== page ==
About 0.18% of all people over 55 in the Netherlands have a wish to end their lives without being seriously ill. That amounts to just over 10,000 people. This is the most important result from the recent published PERSPECTIVE study.
With great interest from press and other interested parties, head researcher Els van Wijngaarden presented on Thursday 30 January the report “Perspectives on elderly people with a death wish without being seriously ill: the people and the figures” to the Dutch Minister of Healthcare. Research has been conducted from various perspectives into the size, characteristics and circumstances of elderly people with a desire to die, without serious illness. More than 21,000 elderly people and 1,600 GPs participated in the study.
Different types of death wishes
People who indicated in the investigation that they had a death wish, turned out to mean different things. The study distinguishes three types of persistent death wishes:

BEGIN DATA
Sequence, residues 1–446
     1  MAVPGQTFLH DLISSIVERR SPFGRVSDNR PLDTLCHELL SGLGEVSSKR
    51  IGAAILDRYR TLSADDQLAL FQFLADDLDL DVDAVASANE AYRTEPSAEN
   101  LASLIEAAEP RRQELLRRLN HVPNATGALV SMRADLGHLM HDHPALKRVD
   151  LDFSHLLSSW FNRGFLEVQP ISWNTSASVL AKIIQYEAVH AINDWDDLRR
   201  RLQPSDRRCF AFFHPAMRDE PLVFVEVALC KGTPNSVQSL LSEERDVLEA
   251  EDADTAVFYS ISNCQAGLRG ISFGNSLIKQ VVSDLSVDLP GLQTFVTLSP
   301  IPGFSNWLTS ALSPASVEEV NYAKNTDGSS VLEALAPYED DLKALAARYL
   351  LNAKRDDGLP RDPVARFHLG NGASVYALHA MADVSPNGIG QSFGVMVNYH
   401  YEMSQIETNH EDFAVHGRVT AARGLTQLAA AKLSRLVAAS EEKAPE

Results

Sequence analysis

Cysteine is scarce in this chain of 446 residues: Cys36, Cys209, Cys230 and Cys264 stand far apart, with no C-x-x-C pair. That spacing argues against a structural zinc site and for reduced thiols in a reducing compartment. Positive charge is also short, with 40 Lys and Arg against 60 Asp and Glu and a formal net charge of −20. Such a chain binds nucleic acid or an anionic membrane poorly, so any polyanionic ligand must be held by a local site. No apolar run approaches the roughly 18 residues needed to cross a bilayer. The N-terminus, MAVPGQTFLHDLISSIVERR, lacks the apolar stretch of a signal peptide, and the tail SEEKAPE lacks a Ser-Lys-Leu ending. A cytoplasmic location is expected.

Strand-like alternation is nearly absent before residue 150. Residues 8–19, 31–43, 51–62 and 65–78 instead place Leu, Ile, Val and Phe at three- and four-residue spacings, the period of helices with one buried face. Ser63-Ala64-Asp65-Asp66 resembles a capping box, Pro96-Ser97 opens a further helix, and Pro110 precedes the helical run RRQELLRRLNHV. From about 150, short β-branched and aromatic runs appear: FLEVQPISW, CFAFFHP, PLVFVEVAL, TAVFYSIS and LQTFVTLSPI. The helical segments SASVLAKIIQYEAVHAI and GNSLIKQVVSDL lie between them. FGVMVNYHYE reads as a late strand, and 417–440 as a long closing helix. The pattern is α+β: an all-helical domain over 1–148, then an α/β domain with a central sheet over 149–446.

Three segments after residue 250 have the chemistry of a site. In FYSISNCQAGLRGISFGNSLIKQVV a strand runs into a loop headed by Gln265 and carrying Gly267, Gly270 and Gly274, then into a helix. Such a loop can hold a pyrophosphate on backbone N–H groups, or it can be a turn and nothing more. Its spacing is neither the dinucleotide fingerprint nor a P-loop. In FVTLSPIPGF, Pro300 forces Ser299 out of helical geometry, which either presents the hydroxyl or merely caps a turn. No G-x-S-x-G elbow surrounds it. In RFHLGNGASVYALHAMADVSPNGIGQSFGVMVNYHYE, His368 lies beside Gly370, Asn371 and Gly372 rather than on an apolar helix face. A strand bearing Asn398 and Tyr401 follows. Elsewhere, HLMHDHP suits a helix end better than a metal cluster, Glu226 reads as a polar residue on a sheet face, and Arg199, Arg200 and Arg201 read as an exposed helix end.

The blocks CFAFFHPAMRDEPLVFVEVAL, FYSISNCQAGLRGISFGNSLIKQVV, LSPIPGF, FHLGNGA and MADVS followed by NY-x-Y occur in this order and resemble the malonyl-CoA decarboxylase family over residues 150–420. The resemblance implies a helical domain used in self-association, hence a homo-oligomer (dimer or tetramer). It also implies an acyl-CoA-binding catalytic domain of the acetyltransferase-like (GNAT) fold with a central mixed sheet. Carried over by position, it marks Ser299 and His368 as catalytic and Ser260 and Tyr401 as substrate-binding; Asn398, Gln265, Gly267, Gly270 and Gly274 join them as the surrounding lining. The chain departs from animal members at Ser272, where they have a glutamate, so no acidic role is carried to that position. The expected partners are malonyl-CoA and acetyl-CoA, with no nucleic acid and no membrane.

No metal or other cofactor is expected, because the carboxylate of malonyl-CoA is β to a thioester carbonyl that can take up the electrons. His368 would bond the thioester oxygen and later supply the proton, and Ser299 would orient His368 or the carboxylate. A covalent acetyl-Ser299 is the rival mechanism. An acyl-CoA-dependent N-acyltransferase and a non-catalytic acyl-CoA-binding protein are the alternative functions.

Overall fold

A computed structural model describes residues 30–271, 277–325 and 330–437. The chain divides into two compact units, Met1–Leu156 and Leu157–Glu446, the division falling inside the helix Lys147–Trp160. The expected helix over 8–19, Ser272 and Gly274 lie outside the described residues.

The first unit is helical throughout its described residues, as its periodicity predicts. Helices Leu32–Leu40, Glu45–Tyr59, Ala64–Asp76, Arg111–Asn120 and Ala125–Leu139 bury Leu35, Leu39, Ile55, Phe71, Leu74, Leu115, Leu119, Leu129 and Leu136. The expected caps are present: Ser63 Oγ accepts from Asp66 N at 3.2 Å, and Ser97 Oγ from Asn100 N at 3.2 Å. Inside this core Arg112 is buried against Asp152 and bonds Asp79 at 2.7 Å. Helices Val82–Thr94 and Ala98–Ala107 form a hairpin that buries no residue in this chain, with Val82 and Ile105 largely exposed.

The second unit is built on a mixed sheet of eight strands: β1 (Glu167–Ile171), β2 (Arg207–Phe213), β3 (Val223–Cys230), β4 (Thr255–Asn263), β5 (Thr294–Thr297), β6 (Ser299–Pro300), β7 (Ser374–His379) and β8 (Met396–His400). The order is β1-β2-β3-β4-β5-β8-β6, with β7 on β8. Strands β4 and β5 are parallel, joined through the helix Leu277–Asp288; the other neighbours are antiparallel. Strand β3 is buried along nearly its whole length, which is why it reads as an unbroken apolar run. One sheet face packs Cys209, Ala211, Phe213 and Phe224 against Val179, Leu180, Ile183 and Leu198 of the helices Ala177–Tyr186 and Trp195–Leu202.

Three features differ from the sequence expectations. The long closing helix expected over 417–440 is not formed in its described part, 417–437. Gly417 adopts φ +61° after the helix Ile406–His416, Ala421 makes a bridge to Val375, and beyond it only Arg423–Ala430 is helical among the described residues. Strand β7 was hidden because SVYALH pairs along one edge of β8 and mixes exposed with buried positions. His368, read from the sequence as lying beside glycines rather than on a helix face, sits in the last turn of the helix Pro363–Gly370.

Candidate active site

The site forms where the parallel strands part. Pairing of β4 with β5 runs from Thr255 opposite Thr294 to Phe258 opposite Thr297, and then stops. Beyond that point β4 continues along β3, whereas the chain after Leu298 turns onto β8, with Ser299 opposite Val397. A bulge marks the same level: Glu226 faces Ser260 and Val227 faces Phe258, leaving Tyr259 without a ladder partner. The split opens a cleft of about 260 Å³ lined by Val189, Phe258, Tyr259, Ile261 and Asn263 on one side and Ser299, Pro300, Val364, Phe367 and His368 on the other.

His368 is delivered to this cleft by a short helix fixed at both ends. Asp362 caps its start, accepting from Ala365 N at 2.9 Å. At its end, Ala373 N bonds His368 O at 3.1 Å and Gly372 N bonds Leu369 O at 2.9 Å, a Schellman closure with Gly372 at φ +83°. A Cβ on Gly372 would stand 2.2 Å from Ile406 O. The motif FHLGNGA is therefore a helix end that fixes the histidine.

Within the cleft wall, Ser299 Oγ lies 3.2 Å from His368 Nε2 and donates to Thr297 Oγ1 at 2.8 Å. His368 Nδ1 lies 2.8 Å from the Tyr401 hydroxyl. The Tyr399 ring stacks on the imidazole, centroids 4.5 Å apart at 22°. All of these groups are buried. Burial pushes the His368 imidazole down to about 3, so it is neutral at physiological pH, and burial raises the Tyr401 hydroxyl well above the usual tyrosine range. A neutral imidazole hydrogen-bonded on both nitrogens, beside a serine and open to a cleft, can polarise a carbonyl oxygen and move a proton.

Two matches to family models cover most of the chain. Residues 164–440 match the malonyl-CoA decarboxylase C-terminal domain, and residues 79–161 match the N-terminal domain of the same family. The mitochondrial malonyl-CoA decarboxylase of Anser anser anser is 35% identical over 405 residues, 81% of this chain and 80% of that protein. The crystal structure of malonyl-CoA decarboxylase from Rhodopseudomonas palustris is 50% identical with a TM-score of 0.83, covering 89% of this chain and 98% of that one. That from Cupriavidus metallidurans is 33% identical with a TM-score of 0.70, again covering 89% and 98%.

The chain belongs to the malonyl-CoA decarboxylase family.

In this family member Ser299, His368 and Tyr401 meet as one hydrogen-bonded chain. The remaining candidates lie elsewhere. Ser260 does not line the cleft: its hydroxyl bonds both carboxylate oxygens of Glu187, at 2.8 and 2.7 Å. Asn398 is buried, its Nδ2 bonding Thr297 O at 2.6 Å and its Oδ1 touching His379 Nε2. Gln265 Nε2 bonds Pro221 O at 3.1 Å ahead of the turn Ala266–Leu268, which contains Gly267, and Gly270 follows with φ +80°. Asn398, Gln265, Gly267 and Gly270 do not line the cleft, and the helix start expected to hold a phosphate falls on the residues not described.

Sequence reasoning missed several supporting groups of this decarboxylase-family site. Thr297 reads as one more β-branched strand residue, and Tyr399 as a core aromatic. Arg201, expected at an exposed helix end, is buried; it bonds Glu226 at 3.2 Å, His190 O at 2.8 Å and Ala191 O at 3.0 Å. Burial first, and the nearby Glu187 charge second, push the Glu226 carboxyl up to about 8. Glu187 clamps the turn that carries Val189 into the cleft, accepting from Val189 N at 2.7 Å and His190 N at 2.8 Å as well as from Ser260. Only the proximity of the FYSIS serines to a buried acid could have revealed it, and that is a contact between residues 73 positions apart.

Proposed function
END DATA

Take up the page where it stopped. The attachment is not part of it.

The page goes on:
1) People with a passive desire for death: they live with a desire for death without making plans or taking steps themselves to speed up death. In the Netherlands it is estimated that 0.47% of people aged 55 and over are concerned.
2) People with an active death wish: they make plans or take concrete steps with regard to their death wish. It is estimated that this is 0.77% of the over-55s.
3) People who describe their death wish as a wish to end their lives. This concerns 0.18% of people aged 55 and over.
Difference in perception of death wish
For all three groups, the fact that living with a death wish or a wish to end life does not necessarily mean that one wants to die immediately. The research also shows that the death wish can decrease or disappear over the years, even in old age. The group of elderly people with a desire to die without being seriously ill often appears to have physical and mental symptoms.
Many people with a death wish want a suicide tool. Not so much to take the medicine directly, but mainly as a reassurance to be able to control the end of life in the future. At the same time (the thought of) having such a tool raises new dilemmas, for example about the right time to use it and the risks. Other common needs are: assistance with suicide by a doctor, more financial room, recognition and understanding of feelings and good conversations with a counselor.
Reaction of The Dutch Right to die Society NVVE
People who are not seriously ill but who have finished their lives must be able to die with dignity. That is what the NVVE says in response to the Perspective report.